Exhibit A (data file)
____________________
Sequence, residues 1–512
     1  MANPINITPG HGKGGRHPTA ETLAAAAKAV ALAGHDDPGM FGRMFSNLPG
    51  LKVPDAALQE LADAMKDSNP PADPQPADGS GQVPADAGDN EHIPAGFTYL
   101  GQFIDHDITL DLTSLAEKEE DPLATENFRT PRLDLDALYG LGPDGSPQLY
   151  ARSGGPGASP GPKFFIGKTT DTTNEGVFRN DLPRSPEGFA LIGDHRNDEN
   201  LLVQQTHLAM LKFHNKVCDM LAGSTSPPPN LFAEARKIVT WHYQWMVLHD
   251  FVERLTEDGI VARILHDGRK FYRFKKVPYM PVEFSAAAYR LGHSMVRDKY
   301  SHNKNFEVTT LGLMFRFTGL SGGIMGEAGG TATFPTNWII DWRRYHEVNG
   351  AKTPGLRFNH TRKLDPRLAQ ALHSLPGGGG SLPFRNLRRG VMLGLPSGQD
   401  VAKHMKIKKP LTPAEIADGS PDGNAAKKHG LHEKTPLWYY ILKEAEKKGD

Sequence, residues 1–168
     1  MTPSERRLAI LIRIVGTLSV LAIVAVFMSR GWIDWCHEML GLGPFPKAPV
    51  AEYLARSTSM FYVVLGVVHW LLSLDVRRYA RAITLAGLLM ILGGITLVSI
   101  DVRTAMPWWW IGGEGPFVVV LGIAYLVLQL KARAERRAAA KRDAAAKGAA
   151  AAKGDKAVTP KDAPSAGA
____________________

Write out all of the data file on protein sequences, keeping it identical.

Sequence, residues 1–512
     1  MANPINITPG HGKGGRHPTA ETLAAAAKAV ALAGHDDPGM FGRMFSNLPG
    51  LKVPDAALQE LADAMKDSNP PADPQPADGS GQVPADAGDN EHIPAGFTYL
   101  GQFIDHDITL DLTSLAEKEE DPLATENFRT PRLDLDALYG LGPDGSPQLY
   151  ARSGGPGASP GPKFFIGKTT DTTNEGVFRN DLPRSPEGFA LIGDHRNDEN
   201  LLVQQTHLAM LKFHNKVCDM LAGSTSPPPN LFAEARKIVT WHYQWMVLHD
   251  FVERLTEDGI VARILHDGRK FYRFKKVPYM PVEFSAAAYR LGHSMVRDKY
   301  SHNKNFEVTT LGLMFRFTGL SGGIMGEAGG TATFPTNWII DWRRYHEVNG
   351  AKTPGLRFNH TRKLDPRLAQ ALHSLPGGGG SLPFRNLRRG VMLGLPSGQD
   401  VAKHMKIKKP LTPAEIADGS PDGNAAKKHG LHEKTPLWYY ILKEAEKKGD

Sequence, residues 1–168
     1  MTPSERRLAI LIRIVGTLSV LAIVAVFMSR GWIDWCHEML GLGPFPKAPV
    51  AEYLARSTSM FYVVLGVVHW LLSLDVRRYA RAITLAGLLM ILGGITLVSI
   101  DVRTAMPWWW IGGEGPFVVV LGIAYLVLQL KARAERRAAA KRDAAAKGAA
   151  AAKGDKAVTP KDAPSAGA